Chantal Petitclerc is one of the most dominant athletes in the history of both the Paralympic movement and all wheelchair sports. Petitclerc is one of the few athletes in any sport to hold multiple world track and field records at one time.
Petitclerc was raised in a rural area near Quebec City, Canada. At age 13, she sustained an accident where a barn door fell on her, damaging her spinal cord and rendering Petitclerc a paraplegic. Soon after she had recovered sufficiently to resume such activities as she could, Petitclerc discovered wheelchair racing. Petitclerc has been actively engaged in wheelchair sports since that time.
After completing her university studies, Petitclerc qualified for the 1992 Paralympics in Barcelona. At those Games, Petitclerc demonstrated some of the talent that would later propel her to the peak of wheelchair sports, winning bronze medals in both the 100m and the 800m events. In 1996 at Atlanta, Petitclerc established herself as the most dominant female wheelchair racer in the world, as she won two gold and three silver medals in the various wheelchair track events. Petitclerc followed this powerful result with a two gold, two silver performance at the 2000 Paralympics in Sydney.
At age 34, Petitclerc entered the 2004 Athens Paralympics as a favorite to win multiple medals. She captured an unprecedented five gold medals, winning every wheelchair event in the event distances from 100m to 1,500m, establishing three world records in the process.
Wheelchair racing is a demanding sport at any distance. In the shorter events of 400m or under, the racer seeks to combine an explosive start by driving their arms powerfully to rotate the wheels on the chair, combined with a sustained, high tempo rhythm to generate as many revolutions of the wheels as possible. As with all sprinters, sprint distance wheel chair racers employ interval training techniques as an essential component of their preparation, incorporating high intensity intervals and recoveries.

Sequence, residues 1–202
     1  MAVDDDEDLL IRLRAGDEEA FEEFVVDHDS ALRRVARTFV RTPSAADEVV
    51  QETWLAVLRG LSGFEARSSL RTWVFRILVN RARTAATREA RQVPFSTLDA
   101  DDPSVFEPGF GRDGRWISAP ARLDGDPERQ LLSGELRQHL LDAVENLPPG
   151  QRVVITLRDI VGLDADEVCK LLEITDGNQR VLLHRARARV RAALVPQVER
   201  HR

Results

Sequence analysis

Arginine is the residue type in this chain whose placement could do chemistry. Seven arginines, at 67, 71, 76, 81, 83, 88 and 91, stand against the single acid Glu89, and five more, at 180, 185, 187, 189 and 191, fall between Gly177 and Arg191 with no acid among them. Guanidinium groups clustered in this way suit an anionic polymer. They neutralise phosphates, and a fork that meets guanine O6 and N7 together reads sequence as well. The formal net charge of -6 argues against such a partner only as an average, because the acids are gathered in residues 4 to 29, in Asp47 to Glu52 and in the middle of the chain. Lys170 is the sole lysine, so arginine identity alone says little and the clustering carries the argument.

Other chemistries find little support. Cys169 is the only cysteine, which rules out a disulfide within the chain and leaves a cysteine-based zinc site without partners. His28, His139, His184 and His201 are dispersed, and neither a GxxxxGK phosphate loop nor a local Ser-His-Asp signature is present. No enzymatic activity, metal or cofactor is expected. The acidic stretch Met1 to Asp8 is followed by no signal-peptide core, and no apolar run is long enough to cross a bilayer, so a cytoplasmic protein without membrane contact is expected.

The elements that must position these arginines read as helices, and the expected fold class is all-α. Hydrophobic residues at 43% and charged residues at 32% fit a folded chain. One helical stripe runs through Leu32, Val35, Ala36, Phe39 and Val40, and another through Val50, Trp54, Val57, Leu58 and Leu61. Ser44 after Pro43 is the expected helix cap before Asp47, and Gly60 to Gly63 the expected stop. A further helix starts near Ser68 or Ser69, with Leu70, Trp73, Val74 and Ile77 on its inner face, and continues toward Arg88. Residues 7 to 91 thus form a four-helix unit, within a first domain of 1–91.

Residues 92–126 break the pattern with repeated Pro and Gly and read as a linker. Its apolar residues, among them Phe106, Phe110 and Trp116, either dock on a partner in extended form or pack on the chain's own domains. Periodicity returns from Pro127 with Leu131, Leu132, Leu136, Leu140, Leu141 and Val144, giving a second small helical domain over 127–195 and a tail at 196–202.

Fifteen hundred meter events generally involve different training approaches for the wheelchair racer. The interval work carried out for sprinting is secondary in preparation for these events to training at longer distances that build aerobic fitness in the athlete. An explosive start is of lesser importance in the 1,500-m event than is the ability to maintain a steady pace and then utilize a finishing kick.
Petitclerc's ability to win at every distance between 100m and 1,500m in wheelchair events is a testament to her ability to incorporate these disparate training requirements into one overall athletic program.
With her considerable success, Petitclerc has enjoyed the benefits of various sponsorships in receet years. The most prominent of these benefits is the wheelchair used by Petitclerc in her races. Petitclerc uses state-of-the-art three-wheeled machine. The wheels are sloped inwards towards the athlete at an angle of 13°, with the frame specially configured to suit the build of Petitclerc. The wheelchair frame is constructed of tubular aluminum, and the entire machine weighs less then 14 lb (6 kg).
The wheels on the Petitclerc wheelchair are constructed from carbon rims. Each wheel is very thin to create a highly aerodynamic profile. The wheels are inflated to an air pressure of 180 psi (pounds per square inch), to ensure that the rolling resistance of the wheel against the track surface is minimized. The steering mechanism is adjustable to permit the angle of the machine to correspond with the lane in which Petitclerc will be competing.
In Canada, controversy arose after Petitclerc had achieved her successes at the Athens Paralympics. Athletics Canada, the government sponsored agency involved in the supervision of Canadian sport, determined that Petitclerc would be named the disabled female athlete of the year for 2004, with 2003 world 110-m hurdler Perdita Felicien, the female athlete of the year. This decision touched off a significant public debate about the importance of disabled sport in society as a whole, and how an athlete such as Petitclerc should be regarded in comparison to other athletes. Petitclerc indicated that she believed that she was being treated as a second class athletic citizen by Athletics Canada, and that her accomplishments at Athens must be weighed on their own terms; she refused the Athletics Canada award.
The Canadian sports media voted Petitclerc the female athlete of the year in 2004. Petitclerc is active as a spokesperson for a number of charitable organizations.